This course is designed to act as a summative experience for the student. This final BFA thesis project will be defined by the student and executed with a level of professional collaboration. Requirements for the BFA thesis will be to solve and effectively visually communicate a medical or scientific problem. Integration of outside resources, research effective collaborator/expert communication, professional practices, presentation (oral and written) and documentation of the process of the specific yearlong project will be expected to determine successful BFA candidacy. The choice of media and concept will be evaluated on its appropriateness for communicating the message and solving the thesis problem. The project visualization will be student driven; content needs will be determined by the student and the research/collaboration. Emphasis in this course will be on the conceptual development of the content’s accuracy/relevance and its realization through the design process. The process will fully address research, expert collaboration, target audience, time spent, visual communication problem solving, and successful execution of completed production. The goal will be effective visual communication with a strong aesthetic, fully considered project, which integrates several layers of media.

The final work will have the following:

  • a two sentence (maximum) thesis statement,
  • a written/designed proposal,
  • research paper,
  • business-oriented documentation,
  • a digital presentation to explain the work,
  • artist statement/project scope statement,
  • and the final project depicting the solution for the BFA exhibition.
Offered fall.

Cellular + Molecular Illustration

Course No. LSI 470  Credits: 3.0

This course will focus on the current techniques for visualizing and illustrating the cellular structure and molecules that make up living organisms: phospholipid bilayers, chemical exchange, carbohydrates, lipids, proteins, nucleic acids, etc. The ability to accurately represent cellular and molecular structures has become critical with recent advances in microbiology, biotechnology, genetics, and pharmacology. You will learn how to locate 3D molecular model files on the Internet and manipulate these models on the computer. Working from conceptual drawings, you will use these files to render (and possibly animate) molecules in 2D using Photoshop and/or Illustrator and in 3D using a modeling application (such as 3D Studio Max). Required of senior Life Sciences Illustration majors.

Digital Color: Style + Representation in Science

Course No. LSI 264  Credits: 3.0
Faculty David Schumick

This course is required for sophomore Life Sciences Illustration majors and is open as an elective on a space-available basis to all students interested in techniques and concepts in traditional and digital color media. The course will focus on principles of color theory, light on form, line, texture, aesthetic impact, and accuracy of content in the illustration of scientific information and editorial content. Through research, planning, and the application of medical and scientific knowledge, the students use color to effectively communicate conceptual and observational problems. Assignments focus on the creative use of color to express specific communication objectives to a range of audiences for both majors in Life Sciences Illustration and other majors of study. This course supplements the integration of traditional and digital illustration techniques for non-majors, focused on editorial, and narrative-based course work. Offered spring.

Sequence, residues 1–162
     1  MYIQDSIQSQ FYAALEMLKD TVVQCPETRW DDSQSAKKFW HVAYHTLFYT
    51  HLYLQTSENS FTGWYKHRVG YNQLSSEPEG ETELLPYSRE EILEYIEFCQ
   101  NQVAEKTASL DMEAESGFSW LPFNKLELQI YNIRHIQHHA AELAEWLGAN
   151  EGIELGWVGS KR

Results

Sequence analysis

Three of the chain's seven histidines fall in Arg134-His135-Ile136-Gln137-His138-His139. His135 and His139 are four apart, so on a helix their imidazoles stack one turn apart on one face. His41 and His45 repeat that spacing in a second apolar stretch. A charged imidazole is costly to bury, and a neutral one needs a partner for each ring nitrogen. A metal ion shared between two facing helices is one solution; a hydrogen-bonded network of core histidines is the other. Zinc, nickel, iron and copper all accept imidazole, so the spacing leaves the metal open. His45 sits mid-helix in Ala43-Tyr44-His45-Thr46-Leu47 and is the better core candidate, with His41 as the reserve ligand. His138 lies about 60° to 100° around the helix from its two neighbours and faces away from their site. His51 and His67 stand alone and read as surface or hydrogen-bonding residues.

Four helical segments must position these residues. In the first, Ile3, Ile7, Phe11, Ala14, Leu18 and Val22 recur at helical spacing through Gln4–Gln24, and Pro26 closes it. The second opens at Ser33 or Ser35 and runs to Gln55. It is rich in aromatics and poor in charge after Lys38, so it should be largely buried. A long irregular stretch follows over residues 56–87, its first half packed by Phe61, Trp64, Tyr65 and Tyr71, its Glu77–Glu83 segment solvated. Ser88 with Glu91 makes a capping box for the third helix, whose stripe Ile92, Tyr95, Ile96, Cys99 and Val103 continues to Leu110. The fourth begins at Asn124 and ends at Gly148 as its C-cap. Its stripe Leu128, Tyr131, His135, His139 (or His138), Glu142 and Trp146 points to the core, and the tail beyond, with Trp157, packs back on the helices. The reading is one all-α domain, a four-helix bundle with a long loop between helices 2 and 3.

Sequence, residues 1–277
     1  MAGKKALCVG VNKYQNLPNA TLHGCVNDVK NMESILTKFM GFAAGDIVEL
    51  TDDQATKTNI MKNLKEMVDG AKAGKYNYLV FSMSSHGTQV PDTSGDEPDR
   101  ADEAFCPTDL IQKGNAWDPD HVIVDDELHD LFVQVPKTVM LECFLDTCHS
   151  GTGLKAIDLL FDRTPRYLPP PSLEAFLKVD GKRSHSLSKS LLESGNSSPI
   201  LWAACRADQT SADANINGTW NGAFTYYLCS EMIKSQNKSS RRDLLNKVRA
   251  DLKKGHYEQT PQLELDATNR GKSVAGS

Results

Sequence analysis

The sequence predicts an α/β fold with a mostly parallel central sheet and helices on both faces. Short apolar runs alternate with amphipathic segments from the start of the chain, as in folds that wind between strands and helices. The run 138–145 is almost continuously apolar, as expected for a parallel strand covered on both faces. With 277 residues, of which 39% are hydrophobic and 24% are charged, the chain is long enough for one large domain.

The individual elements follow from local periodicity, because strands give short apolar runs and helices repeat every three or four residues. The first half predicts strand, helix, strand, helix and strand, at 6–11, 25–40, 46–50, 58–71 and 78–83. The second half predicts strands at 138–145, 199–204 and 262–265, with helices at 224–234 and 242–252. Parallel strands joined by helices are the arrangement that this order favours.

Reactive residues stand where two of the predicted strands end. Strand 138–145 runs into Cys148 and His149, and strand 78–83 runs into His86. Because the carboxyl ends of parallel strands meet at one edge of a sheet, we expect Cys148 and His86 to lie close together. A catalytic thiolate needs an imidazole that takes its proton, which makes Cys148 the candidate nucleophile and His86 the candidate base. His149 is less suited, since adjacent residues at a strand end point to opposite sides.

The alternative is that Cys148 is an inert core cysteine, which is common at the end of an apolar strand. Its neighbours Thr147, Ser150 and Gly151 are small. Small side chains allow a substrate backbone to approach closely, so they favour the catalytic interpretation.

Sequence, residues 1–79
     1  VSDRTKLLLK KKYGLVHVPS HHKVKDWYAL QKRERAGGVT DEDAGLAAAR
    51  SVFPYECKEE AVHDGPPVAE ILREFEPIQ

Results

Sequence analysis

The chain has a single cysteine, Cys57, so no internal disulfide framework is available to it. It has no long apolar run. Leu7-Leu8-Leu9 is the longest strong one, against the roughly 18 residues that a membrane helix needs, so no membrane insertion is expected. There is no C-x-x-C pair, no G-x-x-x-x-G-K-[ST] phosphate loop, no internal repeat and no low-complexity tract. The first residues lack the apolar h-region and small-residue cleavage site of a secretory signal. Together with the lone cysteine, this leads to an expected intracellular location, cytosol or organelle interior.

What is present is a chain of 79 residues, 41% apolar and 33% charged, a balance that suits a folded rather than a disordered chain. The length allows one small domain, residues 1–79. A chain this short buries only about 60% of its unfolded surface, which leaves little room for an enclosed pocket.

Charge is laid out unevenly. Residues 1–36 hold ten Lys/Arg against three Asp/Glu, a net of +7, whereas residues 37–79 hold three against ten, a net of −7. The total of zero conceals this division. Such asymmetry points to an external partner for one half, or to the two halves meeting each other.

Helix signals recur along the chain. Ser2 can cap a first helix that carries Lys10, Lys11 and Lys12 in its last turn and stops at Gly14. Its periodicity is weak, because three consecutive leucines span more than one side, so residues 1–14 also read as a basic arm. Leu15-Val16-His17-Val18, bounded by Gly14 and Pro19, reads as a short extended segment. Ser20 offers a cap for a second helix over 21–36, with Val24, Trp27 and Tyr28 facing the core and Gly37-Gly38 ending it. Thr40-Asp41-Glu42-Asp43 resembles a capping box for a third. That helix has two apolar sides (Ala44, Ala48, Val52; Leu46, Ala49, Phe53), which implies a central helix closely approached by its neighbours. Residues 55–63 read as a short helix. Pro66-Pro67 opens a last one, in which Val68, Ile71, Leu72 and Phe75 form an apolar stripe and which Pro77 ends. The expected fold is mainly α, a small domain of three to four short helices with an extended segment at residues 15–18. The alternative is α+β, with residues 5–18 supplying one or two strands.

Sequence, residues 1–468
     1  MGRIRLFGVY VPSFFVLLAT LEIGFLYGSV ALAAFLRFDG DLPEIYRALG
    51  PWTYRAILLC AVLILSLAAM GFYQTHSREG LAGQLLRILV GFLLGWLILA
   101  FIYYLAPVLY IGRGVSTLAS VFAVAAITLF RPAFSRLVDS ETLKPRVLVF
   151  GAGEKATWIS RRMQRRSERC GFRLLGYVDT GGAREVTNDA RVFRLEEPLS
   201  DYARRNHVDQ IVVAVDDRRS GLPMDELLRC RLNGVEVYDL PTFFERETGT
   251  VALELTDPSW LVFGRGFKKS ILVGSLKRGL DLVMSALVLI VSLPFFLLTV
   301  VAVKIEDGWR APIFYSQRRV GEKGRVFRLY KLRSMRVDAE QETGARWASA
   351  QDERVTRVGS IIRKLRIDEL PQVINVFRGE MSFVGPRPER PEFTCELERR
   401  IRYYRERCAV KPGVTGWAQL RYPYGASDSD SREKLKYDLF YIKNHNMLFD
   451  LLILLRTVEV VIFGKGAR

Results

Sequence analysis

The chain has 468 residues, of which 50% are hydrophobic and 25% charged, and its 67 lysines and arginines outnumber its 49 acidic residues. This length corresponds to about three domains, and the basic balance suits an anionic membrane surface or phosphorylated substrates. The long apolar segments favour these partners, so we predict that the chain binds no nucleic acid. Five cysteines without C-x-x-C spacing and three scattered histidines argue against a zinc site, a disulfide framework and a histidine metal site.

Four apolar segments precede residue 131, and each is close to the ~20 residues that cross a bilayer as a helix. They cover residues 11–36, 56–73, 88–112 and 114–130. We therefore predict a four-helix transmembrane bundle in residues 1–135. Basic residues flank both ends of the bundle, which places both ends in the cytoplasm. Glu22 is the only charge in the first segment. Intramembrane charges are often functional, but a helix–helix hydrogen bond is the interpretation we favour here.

Educational Media Installation

Course No. LSI 306B-406B  Credits: 3.0

This Educational Media Installation class serves as an introduction to, and the exploration of, media installation and exhibition design techniques; including how physical media, and virtual interactive and linear media can be applied to educational and informational settings including museums, cultural institutions and public education access points. Lectures will cover concepts and presentations of the history of educational display, museum arts, and how traditional media intersects with contemporary digital media, to inform and educate specific audiences at public institutions of culture/knowledge. Course work will be hands-on practice of techniques and concepts presented in lecture, discussion of readings, and critique of student projects. This class will involve both ideation and proposal development, as well as producing 1-2 educational media installations in collaboration with the curators and staff at the Cleveland Museum of Natural History, Cleveland Botanical Garden, and the Cleveland Metroparks Zoo. The course will also incorporate field trips and guest lecturers to supplement the knowledge and practiced gained from studio practice. Projects will involve working with diverse materials, media, and electronic media.

Meet Your Faculty view all

Elizabeth Halasz

Elizabeth Halasz

Assistant Professor

Beth received her BFA and MFA in Medical Illustration from the Cleveland Institute of Art, where she was its f...more